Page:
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Steelers Film Room: Small mistakes lead to big loss in Miami

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Despite losing to one of the worst teams in the league, the Steelers are, literally, inches away from turning that around in the future.

Jasen Vinlove-USA TODAY Sports

Football is, truly, a game of inches. So many plays, so many games, have been decided by inches. At the professional level, even the difference between the best teams and the worst is literally, who is able to claim a few inches of ground first.

It's within that lens that we must look at what transpired Sunday between the Steelers and the Dolphins, because the Steelers' failures, by and large, came down to a few missed inches.

In the first quarter, facing 3rd and 10, a few very, very small things went wrong for the Steelers and swung the pendulum toward the Dolphins.

Off the snap, left tackle Alejandro Villanueva set to block Andre Branch, but isn't low enough and allows Branch to knock him back on his heels with a bull rush. Simultaneously, Cameron Wake engages with right tackle Chris Hubbard, but in the process head-butts Hubbard, knocking him off balance. With both ends caving in, quarterback Ben Roethlisberger has no escape route, as the only lane available has been filled in when the defensive tackles stunted. The result was a sack and a forced punt.

Near the end of the first quarter, Pittsburgh once again faced a 3rd and 10. And, once again, small mistakes and missteps led to big problems.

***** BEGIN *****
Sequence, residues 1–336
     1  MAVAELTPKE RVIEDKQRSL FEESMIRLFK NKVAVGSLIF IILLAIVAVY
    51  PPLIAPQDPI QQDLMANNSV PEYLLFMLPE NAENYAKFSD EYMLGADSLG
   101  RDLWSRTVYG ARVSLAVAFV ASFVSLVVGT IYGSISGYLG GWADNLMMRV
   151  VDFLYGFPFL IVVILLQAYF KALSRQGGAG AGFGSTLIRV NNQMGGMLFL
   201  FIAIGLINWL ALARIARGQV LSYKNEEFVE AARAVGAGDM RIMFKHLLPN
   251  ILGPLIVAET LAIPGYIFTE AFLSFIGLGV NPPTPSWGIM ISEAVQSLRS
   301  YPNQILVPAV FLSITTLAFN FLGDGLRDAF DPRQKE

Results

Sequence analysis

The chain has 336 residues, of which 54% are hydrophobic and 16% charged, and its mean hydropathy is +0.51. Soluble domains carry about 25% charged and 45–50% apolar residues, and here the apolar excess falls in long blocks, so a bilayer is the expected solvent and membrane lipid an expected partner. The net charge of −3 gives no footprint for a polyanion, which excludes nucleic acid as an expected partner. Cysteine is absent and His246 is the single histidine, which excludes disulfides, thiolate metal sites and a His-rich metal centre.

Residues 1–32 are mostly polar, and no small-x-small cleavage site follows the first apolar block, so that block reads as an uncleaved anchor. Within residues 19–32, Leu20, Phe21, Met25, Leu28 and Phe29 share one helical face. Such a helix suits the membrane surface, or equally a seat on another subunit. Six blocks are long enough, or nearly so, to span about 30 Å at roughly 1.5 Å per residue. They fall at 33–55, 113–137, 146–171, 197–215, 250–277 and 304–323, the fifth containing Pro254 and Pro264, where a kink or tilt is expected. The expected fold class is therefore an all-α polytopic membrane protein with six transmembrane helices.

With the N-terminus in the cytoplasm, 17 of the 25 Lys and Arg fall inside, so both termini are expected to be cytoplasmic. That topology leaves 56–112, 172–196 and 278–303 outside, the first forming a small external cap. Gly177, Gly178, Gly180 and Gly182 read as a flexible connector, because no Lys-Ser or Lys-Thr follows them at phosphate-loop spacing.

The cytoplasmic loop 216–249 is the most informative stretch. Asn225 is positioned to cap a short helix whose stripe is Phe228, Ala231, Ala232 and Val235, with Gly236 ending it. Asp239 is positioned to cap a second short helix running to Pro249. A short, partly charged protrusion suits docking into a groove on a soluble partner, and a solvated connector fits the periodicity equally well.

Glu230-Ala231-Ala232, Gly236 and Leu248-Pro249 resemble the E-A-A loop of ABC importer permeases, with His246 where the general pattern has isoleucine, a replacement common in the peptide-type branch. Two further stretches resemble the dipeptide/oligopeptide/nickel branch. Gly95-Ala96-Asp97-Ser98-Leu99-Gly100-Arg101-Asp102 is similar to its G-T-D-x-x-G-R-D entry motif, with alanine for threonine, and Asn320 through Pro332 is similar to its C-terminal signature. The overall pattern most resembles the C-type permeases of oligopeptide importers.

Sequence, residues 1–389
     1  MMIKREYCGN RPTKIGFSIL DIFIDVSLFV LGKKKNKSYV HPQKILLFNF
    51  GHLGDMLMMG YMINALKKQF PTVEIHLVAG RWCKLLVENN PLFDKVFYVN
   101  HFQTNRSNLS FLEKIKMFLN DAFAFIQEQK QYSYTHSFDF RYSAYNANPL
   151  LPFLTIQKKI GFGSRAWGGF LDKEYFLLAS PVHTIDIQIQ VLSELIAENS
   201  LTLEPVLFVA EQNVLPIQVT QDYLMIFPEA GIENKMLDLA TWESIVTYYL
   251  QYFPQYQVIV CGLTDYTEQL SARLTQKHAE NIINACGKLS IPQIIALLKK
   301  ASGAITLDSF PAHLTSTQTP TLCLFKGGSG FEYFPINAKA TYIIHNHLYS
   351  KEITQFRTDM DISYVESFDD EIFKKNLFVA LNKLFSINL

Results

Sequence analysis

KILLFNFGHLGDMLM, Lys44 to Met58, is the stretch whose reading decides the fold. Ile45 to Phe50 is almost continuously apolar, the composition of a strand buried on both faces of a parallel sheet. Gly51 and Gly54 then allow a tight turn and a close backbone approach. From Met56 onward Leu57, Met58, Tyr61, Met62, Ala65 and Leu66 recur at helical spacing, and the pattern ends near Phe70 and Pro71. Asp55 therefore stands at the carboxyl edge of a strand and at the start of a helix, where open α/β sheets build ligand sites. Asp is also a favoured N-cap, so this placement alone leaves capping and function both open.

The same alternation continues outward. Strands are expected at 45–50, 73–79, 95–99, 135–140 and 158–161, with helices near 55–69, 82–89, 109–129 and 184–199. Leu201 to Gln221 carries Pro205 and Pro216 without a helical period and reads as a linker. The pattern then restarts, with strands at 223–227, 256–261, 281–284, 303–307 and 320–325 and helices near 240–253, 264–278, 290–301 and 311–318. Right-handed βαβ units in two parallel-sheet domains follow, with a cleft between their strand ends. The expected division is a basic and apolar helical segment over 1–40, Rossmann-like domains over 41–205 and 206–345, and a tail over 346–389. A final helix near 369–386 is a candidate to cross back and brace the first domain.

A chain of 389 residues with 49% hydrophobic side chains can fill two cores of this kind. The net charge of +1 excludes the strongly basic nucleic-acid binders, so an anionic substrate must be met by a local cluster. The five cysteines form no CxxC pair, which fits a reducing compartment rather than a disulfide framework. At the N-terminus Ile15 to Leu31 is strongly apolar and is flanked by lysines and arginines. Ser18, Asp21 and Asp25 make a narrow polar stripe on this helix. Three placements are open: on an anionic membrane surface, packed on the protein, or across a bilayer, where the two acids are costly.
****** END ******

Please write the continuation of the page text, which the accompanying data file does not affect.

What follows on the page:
Yes, it's obvious from the outset that the biggest issue on this play is the poor block by tight end Jesse James. But that is compounded by Villanueva tripping over left guard Ramon Foster's foot. In doing so, he loses his base. As Roethlisberger attempts to step up and to the left in the pocket, he finds the way blocked by Villanueva. The inside is also blocked by Ndamukong Suh, whose presnap shift was enough to get right guard David DeCastro looking the wrong way just long enough, giving Suh the chance to get all the way across his face and to the right B gap. That collapsed the pocket from three directions and, once again, left Roethlisberger with nowhere to go. Sack, punt.

In the third quarter, the Steelers got a minor win out of a similar situation: they ended up with an incomplete pass instead of a sack.

First f all, credit where it's due: James actually wins his battle on this play, which is one of the keys to the pass at least being thrown. The problems all came from the left side, where Villanueva's already-bad day continued. In this case, he was simply out-leveraged again, by allowing Branch to get underneath his block attempt and into his body.

Meanwhile, Jordan Phillips gets double-teamed by Foster and center Maurkice Pouncey. Linebacker Kiko Alonso starts his pass rush just a heartbeat after everyone else, which results in Foster committing to the double-team on Phillips. By the time he sees Alonso rushing in the left B gap, it's too late for him to even get a chip on him. The result is both Alonso and Branch coming free off the left side. Roethlisberger was committing to the throw at about the same time both rushers got through, but it likely had an impact on the final placement of the pass.

In each of these cases, someone -- or several someones -- missed something by a matter of inches. The difference between the offense that dominated the the Chiefs and, on the second half, at least, the Jets and the offense that was anemic at best against the Dolphins truly came down to who was able to claim a few small inches first.